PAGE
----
Afghan Victims Of U.S. Drone Strike Call For Apology

The family says the strike killed 10 relatives, including six children.

Afghan Victims Of U.S. Drone Strike Call For Apology
Khwaja Tawfiq Sediqi / AP

Victims of a U.S. drone strike on Thursday have called for an apology after ten people from their family were killed.

Washington says Sunday's drone strike hit a suspected ISIS suicide bomber but the enraged family is demanding proof.

Ramal Ahmadi lives in one compound with his three brothers and their families. He said his ten family members were "martyred" by the drone attack which took the lives of six children.

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The Pentagon says the strike hit its target and secondary explosions may have killed the Ahmadi family.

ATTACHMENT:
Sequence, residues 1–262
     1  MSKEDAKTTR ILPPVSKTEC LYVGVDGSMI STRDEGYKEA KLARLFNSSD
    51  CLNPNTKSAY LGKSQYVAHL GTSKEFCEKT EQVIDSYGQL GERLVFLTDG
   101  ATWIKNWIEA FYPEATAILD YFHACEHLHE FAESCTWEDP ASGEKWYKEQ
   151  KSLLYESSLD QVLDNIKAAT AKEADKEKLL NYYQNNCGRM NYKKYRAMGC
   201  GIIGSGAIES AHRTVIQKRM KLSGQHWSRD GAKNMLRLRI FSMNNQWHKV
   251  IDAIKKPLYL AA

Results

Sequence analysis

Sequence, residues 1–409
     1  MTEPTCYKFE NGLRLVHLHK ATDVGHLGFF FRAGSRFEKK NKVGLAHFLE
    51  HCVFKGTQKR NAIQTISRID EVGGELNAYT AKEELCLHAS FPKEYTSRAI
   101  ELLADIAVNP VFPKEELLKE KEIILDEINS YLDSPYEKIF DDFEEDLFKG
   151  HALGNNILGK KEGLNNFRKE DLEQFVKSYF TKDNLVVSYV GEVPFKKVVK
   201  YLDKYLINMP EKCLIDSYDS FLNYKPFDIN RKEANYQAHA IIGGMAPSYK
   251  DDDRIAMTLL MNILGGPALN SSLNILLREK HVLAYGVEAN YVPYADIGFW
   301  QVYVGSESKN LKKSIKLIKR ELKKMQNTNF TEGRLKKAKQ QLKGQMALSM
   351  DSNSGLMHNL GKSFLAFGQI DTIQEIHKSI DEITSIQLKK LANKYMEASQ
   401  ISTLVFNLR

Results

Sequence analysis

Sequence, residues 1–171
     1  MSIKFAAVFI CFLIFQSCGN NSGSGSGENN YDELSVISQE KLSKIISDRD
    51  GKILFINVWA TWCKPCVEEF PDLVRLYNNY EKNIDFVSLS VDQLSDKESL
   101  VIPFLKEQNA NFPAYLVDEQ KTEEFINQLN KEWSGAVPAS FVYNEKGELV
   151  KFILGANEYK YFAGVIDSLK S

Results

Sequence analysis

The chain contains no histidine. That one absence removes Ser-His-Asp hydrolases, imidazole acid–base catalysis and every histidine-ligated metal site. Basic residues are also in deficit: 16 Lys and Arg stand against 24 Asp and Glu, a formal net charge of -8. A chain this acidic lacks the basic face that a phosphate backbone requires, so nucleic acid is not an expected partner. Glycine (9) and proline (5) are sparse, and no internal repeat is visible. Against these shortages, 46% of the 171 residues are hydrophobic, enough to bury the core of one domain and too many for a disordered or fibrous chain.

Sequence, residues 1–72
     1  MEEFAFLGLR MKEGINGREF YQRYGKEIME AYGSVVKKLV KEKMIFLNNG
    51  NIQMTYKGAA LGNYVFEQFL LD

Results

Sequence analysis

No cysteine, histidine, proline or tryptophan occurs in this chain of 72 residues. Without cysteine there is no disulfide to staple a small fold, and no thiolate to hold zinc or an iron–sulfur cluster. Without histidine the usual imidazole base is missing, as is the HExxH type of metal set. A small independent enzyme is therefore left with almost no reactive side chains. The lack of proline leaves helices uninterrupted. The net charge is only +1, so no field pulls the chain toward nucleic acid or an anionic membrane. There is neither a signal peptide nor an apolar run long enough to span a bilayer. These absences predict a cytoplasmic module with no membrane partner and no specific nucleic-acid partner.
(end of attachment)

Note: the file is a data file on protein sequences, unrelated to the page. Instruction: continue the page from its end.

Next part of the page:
Inside the courtyard, barely large enough to accommodate two vehicles, Emal, another Ahmadi brother, says the devastated hulk of a Toyota Corolla, which U.S. intelligence targeted as laden with explosives and readied for a suicide mission, was carrying three children and his nephew.

Emal, who also has a special immigration visa processing, said he wants the U.S. to prove its case against the Ahmadi family, or "accept and apologize" that it was wrong.

Emal also challenged U.S. claims that the vehicle was carrying explosives and that there were multiple secondary explosions, as gas canisters were intact in the corner of the courtyard and the house was relatively unscathed.

His eldest brother, Zamarai, who died along with a nephew, 30-year-old Nasir Haideri, had both worked for U.S. government allied firms and both had applied for Special Immigration visas.

They were being processed at the time of the strike.

Additional reporting by the Associated Press.